Merging Multiple Equilibrium Models and Adaptive Cycle Theory in Forest Ecosystems: Implications for Managing Succession

Soto, Daniel P.; Puettmann, Klaus J.


Purpose of Review We review the dynamics of multiple equilibrium models with the adaptive cycle concept and propose a unified theoretical framework. We highlight how the shape of basins of attraction changes along secondary succession and how the shape is influenced by the properties of the adaptive cycle (i.e., potential, connectedness, and resilience) and by ecological traps such as poverty, rigidity, and lock-in. We use degraded forest ecosystems undergoing arrested succession as an example, how the new framework can improve our understanding of restoration and management options. Recent Findings Here, we highlight how the adaptive cycle uses three properties to describe ecosystem dynamics and how this information can be useful for management decisions at the stand level. "Potential" is related to biomass accumulation along succession; "connectedness" to the rigidity of internal control to resist external influences (e.g., disturbances), as quantified by the depth of the basin of attraction; and "resilience" to the ability of ecosystems to stay in a basin of attraction, as determined by the basin width. We integrate these aspects of the adaptive cycle with the basins of attraction model, ecological trap properties, and succession and disturbance concepts into a conceptual framework and highlight the resulting conceptual insights by contrasting forests that follow typical successional development (and associated provision of multiple ecosystem services) and forests that have arrested succession (e.g., degraded forests that do not provide desired ecosystem services). We use restoration practices aimed at overcoming arrested succession as examples how our framework can be downscaled to stand-level conditions. The framework views restoration practices as disturbances of different severities that may modify connectedness and resilience through the manipulation of species composition and the enhancement or constraint of resources (i.e., modifying a desirable basin of attraction by deepening and widening its shape to facilitate typical successional development or vice versa for an undesirable basin). Our review led to a unified theoretical framework. The resulting conceptual basis will improve the general understanding of vegetation development, which is especially important for restoration efforts in novel, no-analog conditions, as expected under global change.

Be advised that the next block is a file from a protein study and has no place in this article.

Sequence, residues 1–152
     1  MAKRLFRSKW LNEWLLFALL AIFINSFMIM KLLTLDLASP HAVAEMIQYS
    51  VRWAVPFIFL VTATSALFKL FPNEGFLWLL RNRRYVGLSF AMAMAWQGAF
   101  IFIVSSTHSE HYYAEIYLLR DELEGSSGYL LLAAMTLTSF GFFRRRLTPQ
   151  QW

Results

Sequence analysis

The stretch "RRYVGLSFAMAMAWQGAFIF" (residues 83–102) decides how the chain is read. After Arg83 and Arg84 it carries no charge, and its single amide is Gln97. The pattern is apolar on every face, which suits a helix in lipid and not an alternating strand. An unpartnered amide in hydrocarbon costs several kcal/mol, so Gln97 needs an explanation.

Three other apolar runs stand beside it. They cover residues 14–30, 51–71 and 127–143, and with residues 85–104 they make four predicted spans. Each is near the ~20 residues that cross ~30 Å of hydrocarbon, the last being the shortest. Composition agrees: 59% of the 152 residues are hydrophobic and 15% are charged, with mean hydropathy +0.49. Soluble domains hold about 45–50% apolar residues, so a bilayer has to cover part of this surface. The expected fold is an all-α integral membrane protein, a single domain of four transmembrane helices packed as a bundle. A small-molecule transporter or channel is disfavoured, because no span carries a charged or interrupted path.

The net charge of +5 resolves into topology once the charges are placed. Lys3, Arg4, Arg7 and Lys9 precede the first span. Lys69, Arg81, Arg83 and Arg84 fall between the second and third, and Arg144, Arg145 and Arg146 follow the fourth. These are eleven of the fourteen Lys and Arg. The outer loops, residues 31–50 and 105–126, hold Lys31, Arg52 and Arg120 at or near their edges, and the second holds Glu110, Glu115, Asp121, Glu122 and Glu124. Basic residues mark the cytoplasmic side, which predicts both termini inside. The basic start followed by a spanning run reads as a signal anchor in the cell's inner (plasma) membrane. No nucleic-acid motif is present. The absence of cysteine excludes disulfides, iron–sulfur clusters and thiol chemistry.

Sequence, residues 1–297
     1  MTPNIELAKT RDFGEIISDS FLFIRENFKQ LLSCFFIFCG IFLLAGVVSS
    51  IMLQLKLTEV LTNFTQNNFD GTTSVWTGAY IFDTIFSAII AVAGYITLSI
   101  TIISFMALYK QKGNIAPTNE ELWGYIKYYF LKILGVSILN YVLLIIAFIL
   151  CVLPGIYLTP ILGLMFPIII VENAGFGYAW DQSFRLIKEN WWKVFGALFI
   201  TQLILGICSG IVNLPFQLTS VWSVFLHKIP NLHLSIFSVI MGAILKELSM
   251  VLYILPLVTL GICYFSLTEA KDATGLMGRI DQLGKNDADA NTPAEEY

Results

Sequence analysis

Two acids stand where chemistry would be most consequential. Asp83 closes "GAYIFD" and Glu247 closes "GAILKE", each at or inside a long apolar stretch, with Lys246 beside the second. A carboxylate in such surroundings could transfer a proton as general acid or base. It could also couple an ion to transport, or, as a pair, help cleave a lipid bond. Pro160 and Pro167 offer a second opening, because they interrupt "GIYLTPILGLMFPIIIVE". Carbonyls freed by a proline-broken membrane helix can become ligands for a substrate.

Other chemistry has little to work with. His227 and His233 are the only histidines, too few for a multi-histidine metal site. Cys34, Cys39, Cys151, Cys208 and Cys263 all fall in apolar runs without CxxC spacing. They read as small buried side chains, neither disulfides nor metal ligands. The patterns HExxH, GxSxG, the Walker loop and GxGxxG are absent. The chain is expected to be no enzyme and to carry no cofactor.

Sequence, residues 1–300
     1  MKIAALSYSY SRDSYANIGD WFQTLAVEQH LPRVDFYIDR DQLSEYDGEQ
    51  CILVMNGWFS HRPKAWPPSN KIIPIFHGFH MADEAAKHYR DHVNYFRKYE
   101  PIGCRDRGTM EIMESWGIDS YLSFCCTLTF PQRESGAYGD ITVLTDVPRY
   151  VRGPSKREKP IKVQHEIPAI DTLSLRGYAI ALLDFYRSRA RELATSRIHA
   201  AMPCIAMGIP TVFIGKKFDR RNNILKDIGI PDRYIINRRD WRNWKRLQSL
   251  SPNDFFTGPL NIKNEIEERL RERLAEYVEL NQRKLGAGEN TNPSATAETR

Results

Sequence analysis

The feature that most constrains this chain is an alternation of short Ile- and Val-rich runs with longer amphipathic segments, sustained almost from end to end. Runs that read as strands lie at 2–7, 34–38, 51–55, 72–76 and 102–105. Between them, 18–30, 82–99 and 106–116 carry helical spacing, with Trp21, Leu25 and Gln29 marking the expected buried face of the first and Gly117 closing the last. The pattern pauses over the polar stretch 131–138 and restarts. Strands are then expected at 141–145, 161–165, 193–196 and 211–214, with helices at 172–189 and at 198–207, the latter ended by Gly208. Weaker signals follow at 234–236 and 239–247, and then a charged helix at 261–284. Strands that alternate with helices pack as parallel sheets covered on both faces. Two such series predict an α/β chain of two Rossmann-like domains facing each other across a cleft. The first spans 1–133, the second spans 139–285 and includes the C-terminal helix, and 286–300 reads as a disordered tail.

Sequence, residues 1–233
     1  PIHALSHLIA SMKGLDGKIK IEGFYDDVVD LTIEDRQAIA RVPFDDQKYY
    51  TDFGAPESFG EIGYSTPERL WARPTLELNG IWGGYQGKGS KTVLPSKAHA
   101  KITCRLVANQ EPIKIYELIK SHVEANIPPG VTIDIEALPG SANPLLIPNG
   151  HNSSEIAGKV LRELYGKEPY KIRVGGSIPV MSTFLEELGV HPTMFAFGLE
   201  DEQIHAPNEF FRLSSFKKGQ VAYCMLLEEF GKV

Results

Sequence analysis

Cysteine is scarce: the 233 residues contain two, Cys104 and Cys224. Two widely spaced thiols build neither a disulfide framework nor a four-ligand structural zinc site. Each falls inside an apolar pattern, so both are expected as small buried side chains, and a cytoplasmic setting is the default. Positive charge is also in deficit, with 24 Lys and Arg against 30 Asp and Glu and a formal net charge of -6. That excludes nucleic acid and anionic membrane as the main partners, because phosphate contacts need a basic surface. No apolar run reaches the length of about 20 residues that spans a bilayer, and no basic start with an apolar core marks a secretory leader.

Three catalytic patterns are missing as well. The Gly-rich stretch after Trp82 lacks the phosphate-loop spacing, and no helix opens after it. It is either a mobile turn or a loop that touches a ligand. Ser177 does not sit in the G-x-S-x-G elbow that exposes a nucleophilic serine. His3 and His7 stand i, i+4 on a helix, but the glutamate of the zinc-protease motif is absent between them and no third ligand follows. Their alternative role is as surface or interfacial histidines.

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Título según WOS: Merging Multiple Equilibrium Models and Adaptive Cycle Theory in Forest Ecosystems: Implications for Managing Succession
Volumen: 6
Número: 4
Fecha de publicación: 2020
Página de inicio: 282
Página final: 293


Notas: ISI